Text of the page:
Rates of Type 2 Diabetes Higher in People With Common Psychiatric Disorders

Prevalence of type 2 diabetes has been found higher in people with bipolar disorder, schizophrenia, and major depression compared to the general population.

The prevalence of type 2 diabetes (T2D) is prominent in people with a psychiatric disorder compared with the general population, according to a study published in Diabetologia.

Previous research has shown that the prevalence of T2D is higher in people with bipolar disorder, schizophrenia, and major depression compared to the general population, according to the authors of the current study. However, no systematic overview of this research is currently available to examine the possible links between prevalence of T2D and psychiatric disorders in general.

The study authors set out to conduct an in-depth search of 4 electronic databases of scientific papers and found 32 systematic reviews based on 245 unique primary studies. The 11 categories of disorders they found are schizophrenia, bipolar disorder, depression, substance use disorder, anxiety disorder, eating disorder, intellectual disability, psychosis, sleep disorder, dementia, and a “mixed” group that included different types of psychiatric disorders.

The study shows that people with a sleep disorder had the highest rates of T2D, with 40% of subjects having the disease, whereas its occurrence among individuals with other psychiatric disorders was 21% for binge eating disorder, 16% for substance use disorder, 14% for anxiety disorders, 11% for bipolar disorder, and 11% for psychosis. The prevalence of T2D was lowest among people with an intellectual disability, with 8% of this population having the disease.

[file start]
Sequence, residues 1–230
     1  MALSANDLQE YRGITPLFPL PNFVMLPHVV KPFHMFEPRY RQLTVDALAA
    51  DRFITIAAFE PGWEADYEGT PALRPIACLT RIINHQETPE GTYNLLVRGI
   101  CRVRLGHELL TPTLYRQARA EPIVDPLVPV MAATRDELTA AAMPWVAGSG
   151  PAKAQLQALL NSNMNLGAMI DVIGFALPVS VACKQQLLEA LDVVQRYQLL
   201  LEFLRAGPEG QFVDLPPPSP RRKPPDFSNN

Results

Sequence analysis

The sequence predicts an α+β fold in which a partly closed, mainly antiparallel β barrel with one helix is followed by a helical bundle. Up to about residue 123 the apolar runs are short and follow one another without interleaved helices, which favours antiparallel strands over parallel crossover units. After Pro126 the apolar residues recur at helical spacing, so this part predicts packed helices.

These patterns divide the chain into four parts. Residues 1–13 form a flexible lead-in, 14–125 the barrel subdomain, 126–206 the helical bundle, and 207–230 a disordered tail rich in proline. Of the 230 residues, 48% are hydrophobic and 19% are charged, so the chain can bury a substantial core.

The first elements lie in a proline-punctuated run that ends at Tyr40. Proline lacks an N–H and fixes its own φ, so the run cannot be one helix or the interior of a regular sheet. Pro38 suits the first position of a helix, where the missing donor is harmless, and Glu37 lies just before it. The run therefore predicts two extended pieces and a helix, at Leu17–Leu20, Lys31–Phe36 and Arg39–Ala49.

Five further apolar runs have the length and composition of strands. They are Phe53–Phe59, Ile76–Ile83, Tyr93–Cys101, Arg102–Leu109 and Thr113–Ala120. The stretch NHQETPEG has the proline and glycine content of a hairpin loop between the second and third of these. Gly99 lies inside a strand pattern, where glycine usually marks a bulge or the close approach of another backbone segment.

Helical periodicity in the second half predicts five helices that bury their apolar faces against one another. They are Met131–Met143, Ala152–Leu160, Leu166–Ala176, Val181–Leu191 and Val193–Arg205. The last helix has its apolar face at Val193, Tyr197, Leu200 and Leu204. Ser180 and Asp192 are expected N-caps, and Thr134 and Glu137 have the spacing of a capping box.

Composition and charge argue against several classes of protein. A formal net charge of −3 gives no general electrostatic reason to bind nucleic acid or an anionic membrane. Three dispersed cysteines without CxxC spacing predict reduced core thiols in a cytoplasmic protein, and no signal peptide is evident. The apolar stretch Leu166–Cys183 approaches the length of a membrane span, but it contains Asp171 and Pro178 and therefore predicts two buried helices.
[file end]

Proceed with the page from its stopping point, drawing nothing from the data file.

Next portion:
The researchers noted that sleep disorders continue a subgroup of psychiatric disorders and have high comorbidity with several other diseases.

“It is likely that this physical comorbidity contributes to the high T2D prevalence estimates in people with a sleep disorder,” the study authors wrote. “The link between T2D and sleep disorders is likely to be bidirectional with the sleep disorder raising the risk of developing diabetes, while diabetes, especially in combination with poor metabolic control, increasing the risk of developing sleep problems.”

They added that people with any of the investigated psychiatric disorders are more likely to have T2D than the general population.

“More refined comparisons should be made between prevalence estimates in the future to better account for differences in populations groups, study settings and the broad range of years as well as methods used to ascertain T2D,” the study authors wrote.

The authors concluded that increased prevalence of T2D among individuals with a psychiatric disorder suggests that these conditions have a shared vulnerability to the development of diabetes relative to the population at large.

“Better understanding of the observed differences in disease risk and the reasons behind them are still needed,” they added. “Reliable information about prevalence and a better understanding of biological and behavioral factors driving increased prevalence of type 2 diabetes in people with a psychiatric disorder will be crucial to developing cost-effective strategies for the management of patients in this situation.”

REFERENCE

Rates of type 2 diabetes are higher in people with one of various common psychiatric disorders. Diabetologia. November 29, 2021. Accessed November 30, 2021. https://diabetologia-journal.org/2021/11/30/rates-of-type-2-diabetes-are-higher-in-people-with-one-of-various-common-psychiatric-disorders/